Whomever President Biden nominates to the U.S. Supreme Court, apparently Ketanji Brown Jackson, if confirmed by the Senate, will serve for life. If you have read Gavel Gamut recently you may recall I have called for a ten-year term limit for all federal judges. Although our federal judges are not of the same ilk as Russia’s President Vladimir Putin, his twenty-two years in office with the opportunity to run for another six-year term in 2024 might help illustrate why term limits are worth considering.
Russia’s Constitution gives Putin much more autonomous power than our President or any of our nine Supreme Court justices. However, as almost all things in life, political power is a matter of degree. The photograph that Peg took of me reading a Russian newspaper in a Moscow coffee shop in 2003 contains a headline showing, in English, that Putin was announcing his intention to run for re-election. He was first elected president in 1999.
From our cave man days we have recognized that power corrupts and that the more and the longer a person has power the more he or she is tempted to abuse it. Putin has abused his immense power by invading Ukraine. Of course, he asserts his actions are required by the allegedly genocidal Ukrainian officials who are supposedly suppressing Ukrainian citizens, many of whom are culturally connected to Russia. Stalin and Hitler would have been proud of such an analysis; their terms of office should have been limited to zero.
When the National Judicial College sent me to Russia in 2003 to teach Russian judges how we in America conduct jury trials, Peg and I spent a few days in Moscow and a little less than a week in Volgograd, the old Stalingrad. We met and enjoyed many Russian citizens and often reflected on how lucky we were to have been born in America. We saw groups of unemployed young men wandering aimlessly along Tverskaya Street, Moscow’s main thoroughfare, carrying multiple bottles of beer and wine in their arms. When we attended the seminar in Volgograd, alcohol was more prevalent than educational materials and American rock and roll music was more popular than questions about how to afford civil rights via jury trials. The Russians appeared to be eager to escape the harsh realities of the Russian economy. Perhaps that is Putin’s true motivation, to take the minds of everyday Russian citizens off their harsh existence.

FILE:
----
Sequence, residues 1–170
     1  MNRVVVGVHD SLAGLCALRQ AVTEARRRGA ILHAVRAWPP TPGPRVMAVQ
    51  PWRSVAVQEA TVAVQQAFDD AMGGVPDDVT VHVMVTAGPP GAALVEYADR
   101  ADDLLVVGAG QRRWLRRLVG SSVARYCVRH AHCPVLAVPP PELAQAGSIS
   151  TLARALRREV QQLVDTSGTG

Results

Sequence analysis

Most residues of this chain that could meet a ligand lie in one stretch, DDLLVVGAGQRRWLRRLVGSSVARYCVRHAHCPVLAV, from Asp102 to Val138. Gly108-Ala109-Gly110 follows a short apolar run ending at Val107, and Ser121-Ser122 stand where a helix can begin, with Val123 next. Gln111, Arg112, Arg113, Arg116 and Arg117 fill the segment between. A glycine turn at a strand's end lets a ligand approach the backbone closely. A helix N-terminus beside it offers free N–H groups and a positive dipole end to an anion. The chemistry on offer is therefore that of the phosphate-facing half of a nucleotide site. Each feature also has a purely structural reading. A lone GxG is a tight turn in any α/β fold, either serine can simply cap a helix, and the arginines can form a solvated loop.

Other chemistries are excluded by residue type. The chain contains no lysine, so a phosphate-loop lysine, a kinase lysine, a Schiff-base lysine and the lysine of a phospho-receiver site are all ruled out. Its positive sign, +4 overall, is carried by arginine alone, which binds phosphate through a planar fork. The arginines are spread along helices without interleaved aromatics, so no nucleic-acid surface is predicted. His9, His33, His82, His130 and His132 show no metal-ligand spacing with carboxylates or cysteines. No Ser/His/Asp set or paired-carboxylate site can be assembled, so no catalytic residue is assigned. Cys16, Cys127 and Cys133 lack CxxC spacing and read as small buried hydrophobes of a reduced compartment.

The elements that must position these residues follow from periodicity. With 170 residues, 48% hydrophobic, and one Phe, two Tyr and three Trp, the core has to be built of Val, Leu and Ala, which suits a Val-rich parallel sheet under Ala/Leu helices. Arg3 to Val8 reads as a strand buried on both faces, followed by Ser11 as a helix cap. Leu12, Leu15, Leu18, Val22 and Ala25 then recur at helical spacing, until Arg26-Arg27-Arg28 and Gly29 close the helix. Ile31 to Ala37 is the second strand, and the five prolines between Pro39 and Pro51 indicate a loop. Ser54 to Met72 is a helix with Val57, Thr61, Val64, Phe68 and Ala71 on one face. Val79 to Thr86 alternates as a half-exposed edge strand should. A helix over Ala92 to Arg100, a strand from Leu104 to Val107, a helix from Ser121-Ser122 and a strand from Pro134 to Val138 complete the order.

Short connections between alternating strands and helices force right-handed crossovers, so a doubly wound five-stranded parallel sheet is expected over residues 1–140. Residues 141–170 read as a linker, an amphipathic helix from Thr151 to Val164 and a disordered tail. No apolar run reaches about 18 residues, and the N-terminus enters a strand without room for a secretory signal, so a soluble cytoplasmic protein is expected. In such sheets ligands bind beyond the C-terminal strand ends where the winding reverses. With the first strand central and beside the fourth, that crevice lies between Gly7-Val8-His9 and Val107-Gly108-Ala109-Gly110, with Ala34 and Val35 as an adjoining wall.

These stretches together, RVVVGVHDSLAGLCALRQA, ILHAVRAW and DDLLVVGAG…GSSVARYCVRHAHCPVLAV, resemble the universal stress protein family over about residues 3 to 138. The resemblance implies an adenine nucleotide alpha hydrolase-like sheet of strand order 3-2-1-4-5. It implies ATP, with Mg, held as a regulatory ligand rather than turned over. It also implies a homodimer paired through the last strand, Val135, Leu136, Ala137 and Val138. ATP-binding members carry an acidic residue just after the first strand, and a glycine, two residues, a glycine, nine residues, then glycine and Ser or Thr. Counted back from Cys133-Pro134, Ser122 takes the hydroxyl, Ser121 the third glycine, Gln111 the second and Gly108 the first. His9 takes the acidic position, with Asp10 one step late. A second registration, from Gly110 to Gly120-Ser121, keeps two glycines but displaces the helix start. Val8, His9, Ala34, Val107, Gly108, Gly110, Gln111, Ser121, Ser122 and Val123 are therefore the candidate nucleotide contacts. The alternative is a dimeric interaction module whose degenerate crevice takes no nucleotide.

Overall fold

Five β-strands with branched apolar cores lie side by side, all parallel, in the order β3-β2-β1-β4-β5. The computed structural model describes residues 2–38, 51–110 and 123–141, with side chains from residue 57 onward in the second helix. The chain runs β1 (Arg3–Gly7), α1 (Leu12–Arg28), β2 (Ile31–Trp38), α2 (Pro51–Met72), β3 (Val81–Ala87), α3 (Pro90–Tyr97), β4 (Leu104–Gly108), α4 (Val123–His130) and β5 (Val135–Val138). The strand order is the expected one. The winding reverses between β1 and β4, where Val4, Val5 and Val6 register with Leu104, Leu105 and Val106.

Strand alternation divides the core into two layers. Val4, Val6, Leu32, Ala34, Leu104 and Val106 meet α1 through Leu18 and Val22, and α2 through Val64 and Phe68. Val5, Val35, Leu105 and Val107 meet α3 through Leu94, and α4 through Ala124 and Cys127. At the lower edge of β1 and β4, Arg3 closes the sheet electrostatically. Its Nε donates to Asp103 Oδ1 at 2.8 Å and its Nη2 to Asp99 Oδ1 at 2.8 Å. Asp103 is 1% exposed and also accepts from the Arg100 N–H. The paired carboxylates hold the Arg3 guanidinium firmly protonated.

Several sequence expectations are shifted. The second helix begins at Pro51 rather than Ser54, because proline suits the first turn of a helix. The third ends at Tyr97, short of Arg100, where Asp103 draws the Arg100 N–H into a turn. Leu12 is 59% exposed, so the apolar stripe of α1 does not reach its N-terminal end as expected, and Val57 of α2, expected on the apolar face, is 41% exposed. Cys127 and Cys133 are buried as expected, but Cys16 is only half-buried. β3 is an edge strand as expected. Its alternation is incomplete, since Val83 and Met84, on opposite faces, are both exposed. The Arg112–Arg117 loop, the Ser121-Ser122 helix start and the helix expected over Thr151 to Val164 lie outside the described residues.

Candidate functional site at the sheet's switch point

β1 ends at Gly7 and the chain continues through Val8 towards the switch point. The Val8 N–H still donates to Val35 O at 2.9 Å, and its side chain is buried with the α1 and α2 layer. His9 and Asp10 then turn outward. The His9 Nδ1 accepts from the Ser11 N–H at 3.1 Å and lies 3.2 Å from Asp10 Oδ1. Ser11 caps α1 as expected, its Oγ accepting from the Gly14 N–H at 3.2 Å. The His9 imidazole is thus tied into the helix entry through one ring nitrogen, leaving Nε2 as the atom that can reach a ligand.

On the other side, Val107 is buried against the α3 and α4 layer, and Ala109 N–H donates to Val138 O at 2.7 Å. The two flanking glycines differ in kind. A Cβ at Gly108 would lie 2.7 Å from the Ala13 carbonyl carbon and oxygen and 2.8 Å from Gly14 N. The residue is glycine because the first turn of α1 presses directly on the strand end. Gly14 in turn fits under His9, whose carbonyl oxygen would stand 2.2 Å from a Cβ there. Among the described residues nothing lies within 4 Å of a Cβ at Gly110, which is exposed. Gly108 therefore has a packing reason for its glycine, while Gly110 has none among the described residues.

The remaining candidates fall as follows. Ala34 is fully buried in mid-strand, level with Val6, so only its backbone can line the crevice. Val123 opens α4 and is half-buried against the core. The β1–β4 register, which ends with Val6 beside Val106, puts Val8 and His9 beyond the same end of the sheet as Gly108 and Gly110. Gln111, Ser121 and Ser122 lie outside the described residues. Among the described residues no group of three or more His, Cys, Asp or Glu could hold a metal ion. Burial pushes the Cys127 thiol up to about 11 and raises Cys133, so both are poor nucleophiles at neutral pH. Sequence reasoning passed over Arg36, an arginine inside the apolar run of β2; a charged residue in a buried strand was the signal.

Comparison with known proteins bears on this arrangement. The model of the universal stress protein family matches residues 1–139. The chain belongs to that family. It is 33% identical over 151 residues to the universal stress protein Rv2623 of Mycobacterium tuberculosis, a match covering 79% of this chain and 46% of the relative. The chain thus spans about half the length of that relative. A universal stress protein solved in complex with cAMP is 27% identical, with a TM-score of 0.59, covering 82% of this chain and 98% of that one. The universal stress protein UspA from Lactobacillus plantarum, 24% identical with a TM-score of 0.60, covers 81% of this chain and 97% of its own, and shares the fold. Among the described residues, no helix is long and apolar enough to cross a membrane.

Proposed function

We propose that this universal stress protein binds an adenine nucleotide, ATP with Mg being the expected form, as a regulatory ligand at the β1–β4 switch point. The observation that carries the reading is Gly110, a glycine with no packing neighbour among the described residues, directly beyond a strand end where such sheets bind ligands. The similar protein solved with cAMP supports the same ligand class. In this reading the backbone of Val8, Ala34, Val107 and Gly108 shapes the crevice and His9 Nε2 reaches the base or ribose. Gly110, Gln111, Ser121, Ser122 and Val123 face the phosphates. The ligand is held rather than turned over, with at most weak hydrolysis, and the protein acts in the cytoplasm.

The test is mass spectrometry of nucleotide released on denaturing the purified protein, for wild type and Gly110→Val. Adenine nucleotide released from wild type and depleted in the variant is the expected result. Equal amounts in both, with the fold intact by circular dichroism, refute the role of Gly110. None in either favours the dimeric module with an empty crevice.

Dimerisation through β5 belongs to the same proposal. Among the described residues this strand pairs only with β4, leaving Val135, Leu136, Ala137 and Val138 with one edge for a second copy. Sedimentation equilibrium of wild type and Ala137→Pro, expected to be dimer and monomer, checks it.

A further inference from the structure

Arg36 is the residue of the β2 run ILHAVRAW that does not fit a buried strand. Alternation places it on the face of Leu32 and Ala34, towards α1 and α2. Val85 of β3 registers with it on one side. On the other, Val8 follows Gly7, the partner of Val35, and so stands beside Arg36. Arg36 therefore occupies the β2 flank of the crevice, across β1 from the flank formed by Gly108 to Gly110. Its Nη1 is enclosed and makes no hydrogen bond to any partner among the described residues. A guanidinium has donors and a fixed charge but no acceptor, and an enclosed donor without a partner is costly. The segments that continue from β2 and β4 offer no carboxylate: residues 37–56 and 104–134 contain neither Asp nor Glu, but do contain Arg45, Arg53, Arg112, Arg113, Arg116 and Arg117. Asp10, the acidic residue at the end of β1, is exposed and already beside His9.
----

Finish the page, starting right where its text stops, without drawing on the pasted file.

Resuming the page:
How ironic it is that Russia has invaded Ukraine when the lives of the Ukrainians are as drear as those of the Russians. Peg and I have often noted that nobody who was sober did much smiling in either country. Perhaps the Russian government is wanting to reprise its former use of the fertile fields of Ukraine in the feeding of the Russian populace. Once Ukraine was Russia’s bread basket. Now it barely feeds itself. But Russia may hold out hope for greener pastures anyway.
Many pundits are opining that Putin’s real goal is to be the new tsar of a reconstituted Soviet Union. Maybe so, but if he wants to win the hearts and minds of the Ukrainian people, and perhaps those in Latvia, Estonia, Belarus, Moldova and even those of his own Russian citizens, he ought to refer to the Bible’s Book of Isaiah, Chapter 2, verse 4 and beat the Russian swords into plowshares. What the Ukrainians need, and the Russians too, is not more armaments but more economic development, not more soldiers but more farmers and store clerks.
That is an approach that the NATO countries should consider. For the trillions of dollars in soon to be lost military “aid” from America, Germany, France, Italy, Great Britain and others so willingly lavished upon Ukraine, we could “sanction” Putin with economic benefits to Ukraine and other at-risk countries on Russia’s borders. Yes, such an approach might make those countries more ripe for conquest but, if we use the same type of diplomacy we so successfully applied in the Marshall Plan, we might win friends instead of guaranteeing ourselves a nuclear powered enemy with terrible resolve. Perhaps we should ♫ study war no more ♫ and encourage Putin to do the same with honey, not vinegar. After all, the vast amount of vinegar we are wasting our precious assets on is just being used to make everyone involved more bitter.